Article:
Travels in the Wild: The Fragments of Aristeas

Many authors from the ancient world—including Pausanias, Strabo, Pliny, Longinus and Herodotus–have left testimony of a seventh century BCE epic poet named Aristeas who came from Asia Minor and composed a poem, Arimaspea, of his travels in the wilds of the North. Here are the substantial fragments—I find the last especially haunting.

Fr. 4
‘The Issedoi [Issedones] glory in their long hair”

᾿Ισσηδοὶ χαίτηισιν ἀγαλλόμενοι ταναῆισι.

Fr. 5
“And they say there are neighboring men above them
To the north, many fine men and strong fighters too,
Wealthy in horses, with many lambs and many cattle.

καὶ φάσ<αν> ἀνθρώπους εἶναι καθύπερθεν ὁμούρους
πρὸς Βορέω, πολλούς τε καὶ ἐσθλοὺς κάρτα μαχητάς,
ἀφνειοὺς ἵπποισι, πολύρρηνας, πολυβούτας.

Fr. 6

“Each man has one eye in his charming face,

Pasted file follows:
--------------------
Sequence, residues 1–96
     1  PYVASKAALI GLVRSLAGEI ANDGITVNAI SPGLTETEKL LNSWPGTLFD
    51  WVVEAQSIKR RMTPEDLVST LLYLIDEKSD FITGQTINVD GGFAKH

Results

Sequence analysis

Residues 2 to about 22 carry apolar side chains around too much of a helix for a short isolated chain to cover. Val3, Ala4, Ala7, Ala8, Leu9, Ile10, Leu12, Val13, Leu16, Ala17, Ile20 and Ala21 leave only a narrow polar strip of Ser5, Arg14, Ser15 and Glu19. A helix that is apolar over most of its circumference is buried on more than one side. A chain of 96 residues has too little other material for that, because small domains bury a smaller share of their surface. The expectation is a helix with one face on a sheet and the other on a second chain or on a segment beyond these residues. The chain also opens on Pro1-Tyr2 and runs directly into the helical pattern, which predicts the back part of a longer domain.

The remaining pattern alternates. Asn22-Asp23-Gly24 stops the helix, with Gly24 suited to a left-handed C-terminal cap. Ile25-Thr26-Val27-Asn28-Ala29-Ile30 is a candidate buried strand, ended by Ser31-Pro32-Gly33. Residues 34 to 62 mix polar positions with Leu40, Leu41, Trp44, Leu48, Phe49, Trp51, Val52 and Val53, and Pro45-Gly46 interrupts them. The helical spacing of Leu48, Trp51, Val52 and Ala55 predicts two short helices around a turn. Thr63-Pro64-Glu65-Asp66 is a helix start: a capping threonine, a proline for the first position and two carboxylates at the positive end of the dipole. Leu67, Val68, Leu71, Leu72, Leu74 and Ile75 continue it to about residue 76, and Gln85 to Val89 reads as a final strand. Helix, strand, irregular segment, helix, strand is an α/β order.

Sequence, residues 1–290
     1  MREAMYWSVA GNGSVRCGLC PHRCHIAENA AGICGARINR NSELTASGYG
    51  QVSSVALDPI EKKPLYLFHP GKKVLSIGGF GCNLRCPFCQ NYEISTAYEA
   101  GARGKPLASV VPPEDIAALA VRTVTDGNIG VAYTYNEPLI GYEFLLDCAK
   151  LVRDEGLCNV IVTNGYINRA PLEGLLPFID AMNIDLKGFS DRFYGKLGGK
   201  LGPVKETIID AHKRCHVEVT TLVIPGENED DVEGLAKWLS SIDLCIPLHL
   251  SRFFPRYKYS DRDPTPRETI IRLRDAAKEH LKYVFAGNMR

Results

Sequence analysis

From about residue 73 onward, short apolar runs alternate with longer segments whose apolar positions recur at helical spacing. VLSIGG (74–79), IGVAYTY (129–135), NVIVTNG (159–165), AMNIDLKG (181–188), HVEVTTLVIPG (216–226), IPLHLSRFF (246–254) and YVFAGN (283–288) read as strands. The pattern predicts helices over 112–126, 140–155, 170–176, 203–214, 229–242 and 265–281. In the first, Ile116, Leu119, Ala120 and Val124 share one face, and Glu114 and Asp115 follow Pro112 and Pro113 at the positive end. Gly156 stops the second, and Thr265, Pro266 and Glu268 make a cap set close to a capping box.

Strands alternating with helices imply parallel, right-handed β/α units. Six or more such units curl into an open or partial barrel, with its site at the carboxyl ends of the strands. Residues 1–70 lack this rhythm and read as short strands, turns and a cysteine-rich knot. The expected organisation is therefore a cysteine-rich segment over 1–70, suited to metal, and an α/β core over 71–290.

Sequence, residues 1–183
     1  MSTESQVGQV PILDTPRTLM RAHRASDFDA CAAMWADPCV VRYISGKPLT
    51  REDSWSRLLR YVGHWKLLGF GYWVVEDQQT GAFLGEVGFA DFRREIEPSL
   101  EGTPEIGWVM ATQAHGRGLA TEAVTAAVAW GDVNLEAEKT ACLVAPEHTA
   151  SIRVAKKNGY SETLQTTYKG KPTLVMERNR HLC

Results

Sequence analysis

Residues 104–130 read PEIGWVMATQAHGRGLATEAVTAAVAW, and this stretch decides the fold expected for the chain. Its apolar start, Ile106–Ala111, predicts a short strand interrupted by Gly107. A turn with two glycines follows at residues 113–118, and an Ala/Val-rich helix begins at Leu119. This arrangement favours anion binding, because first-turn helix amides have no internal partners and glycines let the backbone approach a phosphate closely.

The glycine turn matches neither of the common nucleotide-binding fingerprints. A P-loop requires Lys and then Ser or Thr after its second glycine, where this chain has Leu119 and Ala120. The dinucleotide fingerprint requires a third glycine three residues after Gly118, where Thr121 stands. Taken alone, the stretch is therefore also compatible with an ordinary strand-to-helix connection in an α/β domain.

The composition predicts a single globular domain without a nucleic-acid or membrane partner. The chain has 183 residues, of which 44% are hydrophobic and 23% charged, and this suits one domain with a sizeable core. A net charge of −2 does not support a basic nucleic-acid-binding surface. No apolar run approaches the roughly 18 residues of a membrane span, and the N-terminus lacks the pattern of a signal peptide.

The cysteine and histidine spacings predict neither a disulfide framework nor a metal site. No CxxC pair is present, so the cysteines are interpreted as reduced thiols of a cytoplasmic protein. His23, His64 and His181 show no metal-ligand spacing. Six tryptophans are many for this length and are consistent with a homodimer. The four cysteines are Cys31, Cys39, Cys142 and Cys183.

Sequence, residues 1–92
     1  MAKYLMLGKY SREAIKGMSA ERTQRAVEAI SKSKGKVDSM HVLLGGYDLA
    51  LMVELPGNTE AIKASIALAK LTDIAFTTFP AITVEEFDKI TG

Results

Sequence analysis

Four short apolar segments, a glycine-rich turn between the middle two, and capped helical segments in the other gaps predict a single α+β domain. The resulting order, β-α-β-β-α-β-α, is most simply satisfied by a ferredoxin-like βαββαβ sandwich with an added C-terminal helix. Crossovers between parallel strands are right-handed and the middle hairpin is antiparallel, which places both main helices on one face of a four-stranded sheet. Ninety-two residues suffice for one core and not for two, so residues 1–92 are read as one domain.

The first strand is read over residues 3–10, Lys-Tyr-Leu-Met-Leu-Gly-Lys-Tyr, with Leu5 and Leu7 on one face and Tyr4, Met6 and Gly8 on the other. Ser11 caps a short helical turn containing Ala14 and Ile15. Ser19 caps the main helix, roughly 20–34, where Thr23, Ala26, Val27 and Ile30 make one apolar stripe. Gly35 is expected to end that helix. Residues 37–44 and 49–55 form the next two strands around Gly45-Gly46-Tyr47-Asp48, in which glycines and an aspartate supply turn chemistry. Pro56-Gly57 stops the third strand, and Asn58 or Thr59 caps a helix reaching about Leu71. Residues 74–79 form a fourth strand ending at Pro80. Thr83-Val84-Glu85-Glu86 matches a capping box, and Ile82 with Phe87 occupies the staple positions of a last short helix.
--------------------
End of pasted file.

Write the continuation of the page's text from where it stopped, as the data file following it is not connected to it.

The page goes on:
They are covered with hair, and the strongest of all men.”

ὀφθαλμὸν δ’ ἕν’ ἕκαστος ἔχει χαρίεντι μετώπωι,
χαίτηισι<ν> λάσιοι, πάντων στιβαρώτατοι ἀνδρῶν.

Fr. 11

“This is also a great marvel for our minds:
The men inhabit the water in the sea away from land.
They are dreadful people who do pitiful work.
They keep their eyes in the stars but their soul in the sea.
True, too, I think, when they raise their dear hands often to the gods
They pray with sacrificial victims terribly thrown around.”

θαῦμ’ ἡμῖν καὶ τοῦτο μέγα φρεσὶν ἡμετέρηισιν.
ἄνδρες ὕδωρ ναίουσιν ἀπὸ χθονὸς ἐν πελάγεσσι•
δύστηνοί τινές εἰσιν, ἔχουσι γὰρ ἔργα πονηρά•
ὄμματ’ ἐν ἄστροισι, ψυχὴν δ’ ἐνὶ πόντωι ἔχουσιν.
ἦ που πολλὰ θεοῖσι φίλας ἀνὰ χεῖρας ἔχοντες
εὔχονται σπλάγχνοισι κακῶς ἀναβαλλομένοισι.

The last line (σπλάγχνοισι κακῶς ἀναβαλλομένοισι) is translated by W. Rhys Roberts as “And with hearts in misery”. The verb anaballo can have this metaphorical meaning, but in combination with prayer and the noun splangkhnon (which typically means innards or sacrificial victim) the scene seems more to me to describe a strange or sacrilegious sacrifice (from the Greek point of view), especially with the adverb κακῶς. I am probably wrong about this…

One response

  1. Pingback: Magic Men: Poets, Healers, Prophets and Mages, Another Wondrous Wednesday « SENTENTIAE ANTIQUAE

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